Jenny’s grand unified theory of cash.

I have a grand unified theory on relative poverty. I posted about it in 2005, and I’m going to post it again, though I’ve edited it a little. Keep in mind that I penned this piece five years ago, though the core content remains relevent:

Jenny’s Grand unified theory of cash.

Everybody is poor. This is regardless of how much they earn. A sweeping statement and generalisation, yes. I can already hear the sounds of pencils being sharpened. And we’re not talking about them getting used for writing a hot reply. No. These pencils are going to be shoved where the sun doesn’t shine.

But let me stop you a moment, and assure you that I do think about what I write. Continue through what I have to say, dear reader, and post your comments at the bottom. Indulge me – it may be worth the time.

When I was a student, I just managed. I was the lucky last year that got a grant. Not that it amounted to much. But it was the year before tuition fees and that was what mattered. But there were so many other expenses. I did not leadd a decedent lifestyle, yet I was constantly hard up and dredging the limits of the overdraft. All my friends were too. That was the student way of life. As I got older and wiser and graduated with homours, I set out into the scary wider world, and began to earn money – and here is the important thing. The moment I started to have more money than I had had before, was the moment that certain things appeared to no longer be luxuries, but be necessities. Nothing had changed, except my perception of materialistic objects in light of money. So a take-away that had been a once a month treat became expected to be a once a week treat. Buying new clothes became a more regular occurance, and I expected to be able to buy more music albums on the trips to the record shops. I started to travel the country more, keeping up with friends. I felt obliged to drink nicer drinks in pubs and clubs over and above the pound-a-pint Fosters catpiss. I ate better food – Heinz beans instead of 3p per tin Aldi bullets in tomato sauce. And to this end my tastes became moulded to match my income means. As my income grew, so the transition of luxuries to necessities marches on.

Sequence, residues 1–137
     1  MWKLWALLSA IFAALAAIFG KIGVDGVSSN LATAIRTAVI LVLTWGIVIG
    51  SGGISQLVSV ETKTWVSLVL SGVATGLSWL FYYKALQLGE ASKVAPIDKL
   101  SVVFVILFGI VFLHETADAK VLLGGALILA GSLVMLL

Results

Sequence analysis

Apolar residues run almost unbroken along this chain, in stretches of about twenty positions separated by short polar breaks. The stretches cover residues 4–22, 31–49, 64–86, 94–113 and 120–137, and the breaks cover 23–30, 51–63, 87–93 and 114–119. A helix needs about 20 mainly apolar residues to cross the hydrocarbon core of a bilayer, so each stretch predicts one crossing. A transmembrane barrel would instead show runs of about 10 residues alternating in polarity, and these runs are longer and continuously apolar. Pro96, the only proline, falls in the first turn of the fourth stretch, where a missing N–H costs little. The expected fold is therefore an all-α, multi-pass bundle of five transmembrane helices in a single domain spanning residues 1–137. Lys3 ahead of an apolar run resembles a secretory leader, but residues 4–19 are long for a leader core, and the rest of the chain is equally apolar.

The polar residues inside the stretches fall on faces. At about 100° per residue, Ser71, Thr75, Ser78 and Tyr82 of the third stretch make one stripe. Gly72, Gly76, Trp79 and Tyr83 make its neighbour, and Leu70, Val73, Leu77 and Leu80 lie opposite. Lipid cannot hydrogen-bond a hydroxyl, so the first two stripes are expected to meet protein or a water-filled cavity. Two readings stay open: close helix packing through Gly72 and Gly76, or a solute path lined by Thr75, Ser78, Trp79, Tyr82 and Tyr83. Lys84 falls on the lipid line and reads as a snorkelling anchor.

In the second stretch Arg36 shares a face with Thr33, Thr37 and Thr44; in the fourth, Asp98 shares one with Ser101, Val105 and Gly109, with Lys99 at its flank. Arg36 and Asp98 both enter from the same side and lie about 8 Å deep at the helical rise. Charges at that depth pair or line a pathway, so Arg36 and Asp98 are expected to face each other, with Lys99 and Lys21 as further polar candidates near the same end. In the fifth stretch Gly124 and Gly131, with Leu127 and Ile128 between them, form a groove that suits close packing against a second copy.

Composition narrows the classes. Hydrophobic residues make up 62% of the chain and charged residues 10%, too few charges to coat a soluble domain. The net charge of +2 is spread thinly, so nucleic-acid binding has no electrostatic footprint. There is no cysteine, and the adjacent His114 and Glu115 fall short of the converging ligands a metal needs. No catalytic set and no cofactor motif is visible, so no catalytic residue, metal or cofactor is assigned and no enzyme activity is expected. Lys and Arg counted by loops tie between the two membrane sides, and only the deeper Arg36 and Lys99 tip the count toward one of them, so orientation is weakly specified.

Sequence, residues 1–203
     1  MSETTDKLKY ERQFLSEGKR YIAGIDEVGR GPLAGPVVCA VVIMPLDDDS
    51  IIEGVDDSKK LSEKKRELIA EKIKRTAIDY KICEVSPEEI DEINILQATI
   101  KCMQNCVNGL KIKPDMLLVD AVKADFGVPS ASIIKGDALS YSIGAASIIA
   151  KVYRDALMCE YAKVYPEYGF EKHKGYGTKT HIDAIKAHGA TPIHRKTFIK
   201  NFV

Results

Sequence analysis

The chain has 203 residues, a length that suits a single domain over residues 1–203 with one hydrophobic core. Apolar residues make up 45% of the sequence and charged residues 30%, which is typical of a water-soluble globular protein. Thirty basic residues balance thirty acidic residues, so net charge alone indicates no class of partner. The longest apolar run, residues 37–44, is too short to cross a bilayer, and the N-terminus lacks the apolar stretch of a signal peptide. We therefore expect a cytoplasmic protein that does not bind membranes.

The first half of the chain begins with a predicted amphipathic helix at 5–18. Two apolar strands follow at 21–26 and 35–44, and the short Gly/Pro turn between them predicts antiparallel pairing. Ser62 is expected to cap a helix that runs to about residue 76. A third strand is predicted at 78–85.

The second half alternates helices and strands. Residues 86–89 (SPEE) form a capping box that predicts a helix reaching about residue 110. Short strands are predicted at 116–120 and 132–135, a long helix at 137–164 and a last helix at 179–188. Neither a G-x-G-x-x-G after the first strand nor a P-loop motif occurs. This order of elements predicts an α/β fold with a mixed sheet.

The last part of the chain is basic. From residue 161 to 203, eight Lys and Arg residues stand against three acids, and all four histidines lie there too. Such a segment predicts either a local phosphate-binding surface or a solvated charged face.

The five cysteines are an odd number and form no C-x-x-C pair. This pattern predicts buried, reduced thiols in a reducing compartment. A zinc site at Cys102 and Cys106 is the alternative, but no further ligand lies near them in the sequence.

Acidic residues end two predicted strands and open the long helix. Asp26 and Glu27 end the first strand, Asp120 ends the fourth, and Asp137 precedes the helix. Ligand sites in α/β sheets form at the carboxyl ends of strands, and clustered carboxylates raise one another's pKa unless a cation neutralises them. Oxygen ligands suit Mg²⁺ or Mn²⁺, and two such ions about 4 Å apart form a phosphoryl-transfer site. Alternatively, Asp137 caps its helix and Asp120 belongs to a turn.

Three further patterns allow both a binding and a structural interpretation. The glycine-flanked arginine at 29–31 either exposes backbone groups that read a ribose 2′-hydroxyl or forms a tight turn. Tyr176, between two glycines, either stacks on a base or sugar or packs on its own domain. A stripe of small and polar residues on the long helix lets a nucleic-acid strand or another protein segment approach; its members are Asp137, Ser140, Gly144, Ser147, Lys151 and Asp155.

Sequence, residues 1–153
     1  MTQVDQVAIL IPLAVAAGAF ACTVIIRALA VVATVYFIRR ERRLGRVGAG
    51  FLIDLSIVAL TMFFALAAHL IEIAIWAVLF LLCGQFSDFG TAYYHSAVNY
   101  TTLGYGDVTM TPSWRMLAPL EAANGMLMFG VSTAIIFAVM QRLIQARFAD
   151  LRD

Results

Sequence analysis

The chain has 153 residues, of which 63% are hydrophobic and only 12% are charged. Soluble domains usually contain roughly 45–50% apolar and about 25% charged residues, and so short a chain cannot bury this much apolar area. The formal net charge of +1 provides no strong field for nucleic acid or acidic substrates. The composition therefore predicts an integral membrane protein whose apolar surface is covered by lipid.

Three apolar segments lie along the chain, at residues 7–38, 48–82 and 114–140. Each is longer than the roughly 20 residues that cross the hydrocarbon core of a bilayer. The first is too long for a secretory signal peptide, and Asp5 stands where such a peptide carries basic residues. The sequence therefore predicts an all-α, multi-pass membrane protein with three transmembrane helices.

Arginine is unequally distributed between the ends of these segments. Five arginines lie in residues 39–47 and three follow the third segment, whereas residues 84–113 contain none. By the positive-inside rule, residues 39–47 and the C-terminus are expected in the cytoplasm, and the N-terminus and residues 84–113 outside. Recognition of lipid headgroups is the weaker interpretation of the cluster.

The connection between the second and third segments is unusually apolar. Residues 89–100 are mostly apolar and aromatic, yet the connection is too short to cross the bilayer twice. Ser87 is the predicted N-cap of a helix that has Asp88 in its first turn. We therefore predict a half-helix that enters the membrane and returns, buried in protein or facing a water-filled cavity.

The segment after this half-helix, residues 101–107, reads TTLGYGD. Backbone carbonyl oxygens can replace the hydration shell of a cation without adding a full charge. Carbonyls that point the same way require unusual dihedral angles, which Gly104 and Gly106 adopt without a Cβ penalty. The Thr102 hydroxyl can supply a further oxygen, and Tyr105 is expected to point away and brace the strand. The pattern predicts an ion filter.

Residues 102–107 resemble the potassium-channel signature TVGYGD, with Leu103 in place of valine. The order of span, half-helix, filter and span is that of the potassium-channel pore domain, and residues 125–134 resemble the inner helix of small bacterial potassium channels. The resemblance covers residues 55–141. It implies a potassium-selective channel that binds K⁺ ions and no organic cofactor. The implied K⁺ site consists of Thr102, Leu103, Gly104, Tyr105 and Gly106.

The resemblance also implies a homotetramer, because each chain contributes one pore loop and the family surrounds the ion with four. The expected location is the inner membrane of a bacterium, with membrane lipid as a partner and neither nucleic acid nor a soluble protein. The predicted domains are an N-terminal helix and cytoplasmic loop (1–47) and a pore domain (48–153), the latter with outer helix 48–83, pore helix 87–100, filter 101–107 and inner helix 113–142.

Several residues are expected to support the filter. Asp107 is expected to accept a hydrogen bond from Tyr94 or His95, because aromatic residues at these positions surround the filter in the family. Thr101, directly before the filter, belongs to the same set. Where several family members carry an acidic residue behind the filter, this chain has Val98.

It is a growth in spending that passes almost unnoticeable at the time. You do not perceive that the material artifacts that you now buy are somehow better, but merely a similar standard because you become accustomed to them. In the same way that whilst a 21st century individual might certianly baulk at the concept of using an outside crapper as demeaning and bad, a Victorian would not think so because they had never experienced anything better. If that Victorian were to be brought to the 21st century with our convenience shopping, and indoor bathrooms and central heating and quilted toilet paper, they would become accustomed to it over time and no longer treat it as the luxury they would have initially seen it is. Then transplant them back to the 19th Century, and they would view their original conditions as intolerable because their expectations have shifted.

This brings us back to the concept of Jenny’s unified theory of money. I will always spend to the limit of my means. Everybody does, bar the few exceptions of misers and silly rich. But even being silly rich does not completely remove a person from the vicious transgretion of luxuries to necessities. Take Michael Jackson as one such example. He earned a fortune from royalties every year alone. We are talking tens of millions, if not billions over his entire career. Yet he was still on the verge of bankruptcy. Why? Because his lifestyle had expanded to transgress a great many luxuries into necessities. In short – he perceived that he could not do without so much that he was buying that you or I would see as gross indulgement.

So when I find that something comes up that demands an unexpected chunk of cash, like a new exhaust on my car, or contents insurance, or I wear out a pair of shoes and must replace them I find myself feeling poor. This is because I have expanded my spending and am blinded to what I can economise on to save the money. So I am squeezed and yet some-one poorer would rightly say “hold on? Why are you buying Heinz baked beans when you are alledgedly poor? What is wrong with Aldi?” Well, because I view Heinz beans as a necessity now instead of a luxury. It is perception. I don’t need Heinz beans to live. I will not die of malnutrician if I change to Aldi beans. And the same holds true to so many things.

In recognising this phenominum, I can begin to do something about it. At various times in my life my income has changed dramatically as a result of changes in my work and house moves etc. I had to endevour to cut back, to not fritter, and to take the long hard road to converting necessities back into luxuries. It can be done, but the road is hard.

Try it yourself. Compare what you buy to that which some-one less well off than you buys. Why are you spending what you do on the stuff you get? Ask yourself that question, and you will find the answer is simply that you view too many luxuries as a necessity. Free your mind, and you will see that these are pure material objects; nothing more.

Economies extend to more than just food. I now walk everywhere I can where once I might have driven my car. I am in much better health as a result than ever before, and have lost weight. I also don’t have to spend money on petrol, and the other annoying overheads that cars incur. My computers are composed of a great many recycled bits. Raided from a skip in Hartlepool, and bins in Durham and other people’s cast-oofs I have three computers for the price of one. And they all work well.